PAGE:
A quick run-down of your GI (gastrointestinal) system:
You put food in your mouth. Your saliva contains the first round of digestive enzymes, and starts to break down simple carbs into sugar, which are then absorbed directly into your bloodstream. (This is why simple carbs are basically the same thing as sugar.)
The rest of the food slides down your esophagus, your esophageal sphincter opens and the food empties into your stomach. In your stomach is, among other things, HCl (hydrochloric acid), and that’s phase 1 of breaking down proteins.
Once your stomach has done its thing, food gets dumped into your small intestine. You should have a boatload of good bacteria (or probiotics, mostly from the lactobacillus family) in there, and this is also where your gall bladder empties bile to help with fat absorption, and where your pancreas releases digestive enzymes. Digestive enzymes break more complex food molecules (proteins, carbohydrates, and fats) down into simpler, absorbable molecules, and then these molecules get absorbed into your bloodstream. Probiotics help with this process, and also function as a “good” army, defending your body from invasion from nastier microbes.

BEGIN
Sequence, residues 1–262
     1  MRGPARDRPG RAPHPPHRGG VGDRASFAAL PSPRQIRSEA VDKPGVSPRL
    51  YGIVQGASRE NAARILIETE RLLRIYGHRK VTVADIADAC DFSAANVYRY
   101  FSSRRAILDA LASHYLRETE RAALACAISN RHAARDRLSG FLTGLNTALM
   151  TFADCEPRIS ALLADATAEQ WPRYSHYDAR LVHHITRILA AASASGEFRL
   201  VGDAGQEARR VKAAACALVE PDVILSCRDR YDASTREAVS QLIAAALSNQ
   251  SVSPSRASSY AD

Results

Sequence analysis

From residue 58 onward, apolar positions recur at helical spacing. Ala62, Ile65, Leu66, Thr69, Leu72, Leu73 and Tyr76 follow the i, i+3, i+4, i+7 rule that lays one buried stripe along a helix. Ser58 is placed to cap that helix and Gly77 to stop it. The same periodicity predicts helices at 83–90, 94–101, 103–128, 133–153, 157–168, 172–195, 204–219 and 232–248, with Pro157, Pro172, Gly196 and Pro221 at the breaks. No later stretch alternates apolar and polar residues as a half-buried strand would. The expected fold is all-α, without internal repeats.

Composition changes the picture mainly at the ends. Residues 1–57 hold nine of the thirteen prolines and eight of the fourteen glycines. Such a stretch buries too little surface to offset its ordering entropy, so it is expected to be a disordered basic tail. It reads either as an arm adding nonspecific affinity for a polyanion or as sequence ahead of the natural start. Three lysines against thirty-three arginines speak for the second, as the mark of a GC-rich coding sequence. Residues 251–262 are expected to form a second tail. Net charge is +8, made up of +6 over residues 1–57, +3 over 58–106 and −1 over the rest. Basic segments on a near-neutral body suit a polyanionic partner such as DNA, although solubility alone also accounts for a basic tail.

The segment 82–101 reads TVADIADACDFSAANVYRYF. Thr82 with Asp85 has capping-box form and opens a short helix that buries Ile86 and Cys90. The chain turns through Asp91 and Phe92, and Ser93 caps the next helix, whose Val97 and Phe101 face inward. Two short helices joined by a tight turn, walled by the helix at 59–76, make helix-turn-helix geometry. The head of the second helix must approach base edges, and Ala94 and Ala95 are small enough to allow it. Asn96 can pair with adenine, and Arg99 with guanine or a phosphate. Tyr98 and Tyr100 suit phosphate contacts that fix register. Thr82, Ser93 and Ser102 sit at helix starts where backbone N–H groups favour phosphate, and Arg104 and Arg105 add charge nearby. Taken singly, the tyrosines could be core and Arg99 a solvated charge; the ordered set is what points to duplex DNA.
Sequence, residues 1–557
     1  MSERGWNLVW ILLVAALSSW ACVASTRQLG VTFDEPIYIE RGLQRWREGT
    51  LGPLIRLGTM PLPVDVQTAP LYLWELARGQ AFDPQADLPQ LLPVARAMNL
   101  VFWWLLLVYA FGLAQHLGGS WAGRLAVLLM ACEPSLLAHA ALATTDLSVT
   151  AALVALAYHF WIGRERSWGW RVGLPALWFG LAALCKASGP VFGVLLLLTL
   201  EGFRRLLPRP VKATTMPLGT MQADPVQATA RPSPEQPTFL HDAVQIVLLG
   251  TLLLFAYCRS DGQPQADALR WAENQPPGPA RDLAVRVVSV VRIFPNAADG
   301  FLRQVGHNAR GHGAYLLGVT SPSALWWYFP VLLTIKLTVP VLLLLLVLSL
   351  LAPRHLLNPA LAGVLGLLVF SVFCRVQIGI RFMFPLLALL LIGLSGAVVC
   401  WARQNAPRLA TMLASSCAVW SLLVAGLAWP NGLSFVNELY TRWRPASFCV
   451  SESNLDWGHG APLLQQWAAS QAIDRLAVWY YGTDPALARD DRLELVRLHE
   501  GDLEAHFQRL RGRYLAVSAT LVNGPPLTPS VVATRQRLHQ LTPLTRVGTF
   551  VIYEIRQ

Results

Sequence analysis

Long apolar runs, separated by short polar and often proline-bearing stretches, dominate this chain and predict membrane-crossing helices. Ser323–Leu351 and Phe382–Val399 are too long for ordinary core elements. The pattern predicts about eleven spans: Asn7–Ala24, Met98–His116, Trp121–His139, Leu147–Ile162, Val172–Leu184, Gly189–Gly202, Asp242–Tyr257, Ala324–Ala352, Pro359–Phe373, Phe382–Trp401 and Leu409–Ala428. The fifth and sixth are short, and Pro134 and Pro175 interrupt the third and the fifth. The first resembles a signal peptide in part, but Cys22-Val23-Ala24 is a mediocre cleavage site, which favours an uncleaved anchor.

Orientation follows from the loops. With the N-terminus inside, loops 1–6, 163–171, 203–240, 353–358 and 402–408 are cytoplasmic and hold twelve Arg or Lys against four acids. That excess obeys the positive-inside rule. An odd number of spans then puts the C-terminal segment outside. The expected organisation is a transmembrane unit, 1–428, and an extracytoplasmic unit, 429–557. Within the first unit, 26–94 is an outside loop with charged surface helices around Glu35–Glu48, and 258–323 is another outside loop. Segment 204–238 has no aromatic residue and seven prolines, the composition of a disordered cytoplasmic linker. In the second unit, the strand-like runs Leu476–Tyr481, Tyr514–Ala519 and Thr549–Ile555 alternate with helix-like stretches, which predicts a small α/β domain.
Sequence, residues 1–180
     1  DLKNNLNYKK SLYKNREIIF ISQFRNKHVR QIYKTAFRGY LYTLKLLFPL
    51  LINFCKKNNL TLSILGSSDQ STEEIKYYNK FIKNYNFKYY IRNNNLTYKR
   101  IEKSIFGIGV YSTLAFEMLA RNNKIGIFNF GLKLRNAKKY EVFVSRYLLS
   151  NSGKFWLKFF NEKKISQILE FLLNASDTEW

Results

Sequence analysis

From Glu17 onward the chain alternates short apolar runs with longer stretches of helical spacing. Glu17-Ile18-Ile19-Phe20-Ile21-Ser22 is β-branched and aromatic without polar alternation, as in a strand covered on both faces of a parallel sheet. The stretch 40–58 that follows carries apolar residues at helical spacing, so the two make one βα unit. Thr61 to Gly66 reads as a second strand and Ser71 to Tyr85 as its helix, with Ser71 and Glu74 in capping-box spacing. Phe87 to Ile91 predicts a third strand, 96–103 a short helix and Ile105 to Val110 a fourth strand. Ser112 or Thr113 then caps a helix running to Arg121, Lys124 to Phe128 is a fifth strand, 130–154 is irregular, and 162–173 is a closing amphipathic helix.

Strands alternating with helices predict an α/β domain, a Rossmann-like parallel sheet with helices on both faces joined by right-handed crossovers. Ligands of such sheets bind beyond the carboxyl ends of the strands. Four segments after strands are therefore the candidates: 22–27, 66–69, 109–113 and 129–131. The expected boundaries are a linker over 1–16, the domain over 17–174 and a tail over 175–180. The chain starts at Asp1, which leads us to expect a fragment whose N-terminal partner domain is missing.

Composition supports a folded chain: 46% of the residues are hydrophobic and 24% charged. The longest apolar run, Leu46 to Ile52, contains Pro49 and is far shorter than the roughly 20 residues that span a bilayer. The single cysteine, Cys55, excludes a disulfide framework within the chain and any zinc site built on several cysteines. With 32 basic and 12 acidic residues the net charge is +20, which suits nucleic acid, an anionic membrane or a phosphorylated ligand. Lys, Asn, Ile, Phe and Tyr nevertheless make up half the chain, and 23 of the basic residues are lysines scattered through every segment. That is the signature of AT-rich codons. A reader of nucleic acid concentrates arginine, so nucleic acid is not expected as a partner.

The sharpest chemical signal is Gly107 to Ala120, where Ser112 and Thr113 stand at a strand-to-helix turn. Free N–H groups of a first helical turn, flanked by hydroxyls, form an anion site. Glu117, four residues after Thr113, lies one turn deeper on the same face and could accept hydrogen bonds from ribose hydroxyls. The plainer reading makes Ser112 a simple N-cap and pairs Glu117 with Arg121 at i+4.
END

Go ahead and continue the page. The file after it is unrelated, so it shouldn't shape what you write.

Once your small intestine has removed all the useful parts of your food, what’s left over gets dumped into your colon, where you have a different set of good bacteria (mostly from the bifidobacillus family). Your colon absorbs and adds water as needed to bulk up the waste and make it solid. Then, if all goes well, you eliminate.